Eleventh Report of Session 2021–22 Contents

Instruments reported

At the Committee’s meeting on 17 November 2021, it scrutinised a number of instruments. It was agreed that the special attention of the House of Commons should be drawn to one of those considered in accordance with Standing Orders. The instrument and the grounds for reporting it is given below. The relevant departmental memorandum is published as an appendix to this report.

1S.I. 2021/715: Reported for doubtful vires, for requiring elucidation and for defective drafting

Value Added Tax (Amendment) (EU Exit) Regulations 2021

1.1The Committee draws the special attention of this House to these Regulations on the grounds that there is a doubt as to whether they are intra vires in one respect, that they require elucidation in one respect, and that they are defectively drafted in two respects.

1.2These Regulations, which were made by the negative resolution procedure, amend several pieces of legislation relating to Value Added Tax.

1.3The enabling powers cited in the preamble include both provisions of the Value Added Tax Act 1994 (“VATA”) and section 51 of the Taxation (Cross-border Trade) Act 2018 (“TCTA”). The latter provides for the made affirmative resolution procedure to apply to “a statutory instrument containing regulations under this section that amends or repeals any Act of Parliament”. Regulations 2 to 4 of this instrument amend the VATA. And regulation 43, although it does not directly change the words of any Act of Parliament, expressly changes the operation of section 16 VATA by specifying exceptions to its general rule about the enactments that apply in relation to VAT. The Committee asked Her Majesty’s Treasury to confirm that, consequently, this instrument attracted the made affirmative procedure under section 51(5) TCTA.

1.4In a memorandum printed as an Appendix, Her Majesty’s Revenue and Customs (replying on behalf of HM Treasury) explains in relation to the amendment made by regulation 43 that it does not consider section 51(5) TCTA to require the affirmative procedure where the operation of primary legislation is disapplied or modified, but only where primary legislation is amended or repealed. The Committee considers it wrong in principle that an instrument which makes significant changes to the application and effect of primary legislation should escape greater scrutiny merely by making those changes indirectly, by deeming provision, instead of changing the words of the Act. The Committee does not draw special attention to the point in this case, however, because the changes made by regulation 43 would have attracted the negative resolution procedure had they been made under section 16(3) VATA.

1.5In relation to regulations 2 to 4, the Department merely notes that they are made under the VATA and so do not fall within scope of section 51(5) TCTA. The Committee disagrees. Section 51(5) TCTA provides that the affirmative resolution procedure applies to a statutory instrument ... that amends or repeals any Act, not to a statutory instrument containing regulations under section 51 that amend or repeal any Act. This is a statutory instrument that amends an Act. And while the regulations which do so are not regulations under section 51, that is not the trigger for affirmative resolution. The Committee concedes that this apparent quirk may not have been the drafter’s intent, but it remains the fact that under section 51(5) TCTA as enacted by Parliament, any instrument which (a) contains regulations made under that section and (b) amends or repeals an Act of Parliament is subject to the made affirmative resolution procedure. The Committee accordingly reports these Regulations for doubt as to whether they are intra vires.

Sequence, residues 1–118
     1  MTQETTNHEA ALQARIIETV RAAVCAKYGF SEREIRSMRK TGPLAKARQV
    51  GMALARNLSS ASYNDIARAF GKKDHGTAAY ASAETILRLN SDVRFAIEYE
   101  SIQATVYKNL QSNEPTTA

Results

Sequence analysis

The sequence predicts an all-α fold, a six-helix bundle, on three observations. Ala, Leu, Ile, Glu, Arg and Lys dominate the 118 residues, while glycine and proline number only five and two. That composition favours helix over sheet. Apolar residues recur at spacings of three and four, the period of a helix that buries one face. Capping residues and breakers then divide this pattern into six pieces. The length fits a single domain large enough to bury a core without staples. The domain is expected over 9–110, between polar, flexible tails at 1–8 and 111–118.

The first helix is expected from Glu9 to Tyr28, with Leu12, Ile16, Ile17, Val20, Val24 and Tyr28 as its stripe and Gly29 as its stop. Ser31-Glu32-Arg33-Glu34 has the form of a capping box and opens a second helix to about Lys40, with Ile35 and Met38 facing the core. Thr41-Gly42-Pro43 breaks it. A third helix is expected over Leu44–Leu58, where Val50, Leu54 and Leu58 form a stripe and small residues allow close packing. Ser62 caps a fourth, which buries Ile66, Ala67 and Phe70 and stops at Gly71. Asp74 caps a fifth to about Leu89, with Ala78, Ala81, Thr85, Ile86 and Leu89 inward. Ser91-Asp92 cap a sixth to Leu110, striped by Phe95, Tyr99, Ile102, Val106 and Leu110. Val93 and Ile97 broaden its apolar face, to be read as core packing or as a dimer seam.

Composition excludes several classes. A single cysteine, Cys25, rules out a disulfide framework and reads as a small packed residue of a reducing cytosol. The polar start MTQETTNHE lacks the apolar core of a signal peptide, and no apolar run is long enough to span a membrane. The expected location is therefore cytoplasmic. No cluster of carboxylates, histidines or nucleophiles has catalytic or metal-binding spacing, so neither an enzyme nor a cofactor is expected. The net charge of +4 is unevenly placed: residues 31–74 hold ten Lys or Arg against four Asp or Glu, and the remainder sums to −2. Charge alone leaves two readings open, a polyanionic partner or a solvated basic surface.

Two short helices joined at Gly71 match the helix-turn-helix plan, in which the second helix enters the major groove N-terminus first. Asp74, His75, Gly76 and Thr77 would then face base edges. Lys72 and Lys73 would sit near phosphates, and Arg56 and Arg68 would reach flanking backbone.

1.6The Committee noticed that new regulations 133AF and 133AH, inserted into the Value Added Tax Regulations 1995 (S.I. 1995/2518) by regulation 43, both apply adaptations to Articles 89 and 110 of the Union Customs Code in the same circumstances. It asked the Department to explain how the new provisions are intended to interact and why it was not possible to include all the adaptations in a single regulation. In its memorandum, the Department explains that the adaptations are intended to apply simultaneously, and that they were kept separate because replicating the old structure of regulations 121A and 121C of the 1995 Regulations was thought to be of more help to the reader in understanding the changes being made. The Committee accordingly reports regulation 43 (new regulations 133AF and 133AH) as requiring elucidation, provided in the Department’s memorandum.

1.7The Committee also asked the Department to explain inconsistencies in regulation 43, where the inserted regulations appear to use several terms interchangeably to mean the same thing: in one case the terms are “prescribed adaptation(s)”, “adaptations” and “modifications”; in the other, “security” and “guarantee”. In its memorandum, the Department accepts that such inconsistencies could cause confusion and undertakes to consider how best to ensure clarity at the next suitable legislative opportunity. The Committee accordingly reports regulation 43 for defective drafting in two respects, acknowledged by the Department.




Published: 19 November 2021 Site information    Accessibility statement